Moonlighters Take the Prize


Marine All Weather Fighter Attack Squadron 332 "Moonlighters" flying Boeing F/A-18D Hornets out of Beaufort, S.C., has won the Corps' annual prize for best fighter squadron, beating out 16 other Hornet units, Marine Corps News reports:

The Moonlighters' list of achievements is beyond compare, and includes becoming the first Marine tactical jet squadron ever to surpass 100,000 mishap-free flight hours in 2005. While deployed to Camp Al Asad, Iraq, from July 2005 to January they continued to build upon this record.
176439815_57ec1057b4.jpgI was embedded with 332 during their stint in Iraq, and I can vouch: they really are the best. Over Al Anbar province they flew dangerous missions at low level dropping bombs and firing guns to rescue Marines from tight spots. Just a couple weeks back I got an email from one Marine who begged me to help him get in touch with the unit. He had been one of their "customers" in Iraq and was convinced the Moonlighters had saved his life.But there's more to the story than the Marine Corps public affairs machine allows. Due to a shortage of airframes and delays to the Lockheed Martin F-35B Lightning (formerly Joint Strike Fighter, or JSF), 332 is decommissioning in March 2007, as I reported in National Defense Magazine:
Obviously [JSF introduction] is a moving target, but it has slid to the right [past 2010], [Navy Lt. Cmdr. Marc] Preston says. Every time it slides, it affects Marine aircraft more than it affects Navy. Their issues are a little harder than ours because the Navy bought [Super Hornets] and Marines didnt with anticipation that the JSF would be on time.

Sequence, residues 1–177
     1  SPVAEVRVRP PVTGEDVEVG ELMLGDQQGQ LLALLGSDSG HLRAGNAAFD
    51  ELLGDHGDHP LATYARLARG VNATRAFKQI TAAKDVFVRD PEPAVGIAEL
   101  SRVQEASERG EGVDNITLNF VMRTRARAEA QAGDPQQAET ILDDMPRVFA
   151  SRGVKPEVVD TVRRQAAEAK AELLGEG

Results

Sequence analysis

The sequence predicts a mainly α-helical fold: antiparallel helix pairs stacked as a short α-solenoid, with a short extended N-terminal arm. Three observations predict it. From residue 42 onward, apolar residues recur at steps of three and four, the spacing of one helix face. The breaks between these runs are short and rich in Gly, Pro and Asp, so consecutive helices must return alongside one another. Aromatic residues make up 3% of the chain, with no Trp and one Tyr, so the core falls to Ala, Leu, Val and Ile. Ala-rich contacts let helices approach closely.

That little article got a lot of people riled up -- especially a couple of retired Marine generals too old and grumpy to play politics and too much in love with Marines to just sit back and watch Corps aviation waste away. Here, an excerpt from the least profane of these generals' missives:
It looks to me as though the architects of the disastrous [plan], the overly ambitious "always faithful" rotorheads and Harrier mafia -- who these days dominate Marine aviation and are always sucking up to the Marine grunt-dominated selection boards professing that their monumental vision of "vertical" was always the coziest, closest possible air support, the grunt's ace in the hole, just a snap of the fingers away over there hiding behind the hill ready to strike at any time, and in the infantry's very best and only interest -- are now frantically talking to themselves!
In other words, the brass in charge of Corps aviation are too close to the problem to see it clearly ... and to care. And the problem is that Marine Corps aviation has put all its eggs in the F-35 basket. Now the basket is late and getting later while the demand for eggs keeps on rising.--David Axe
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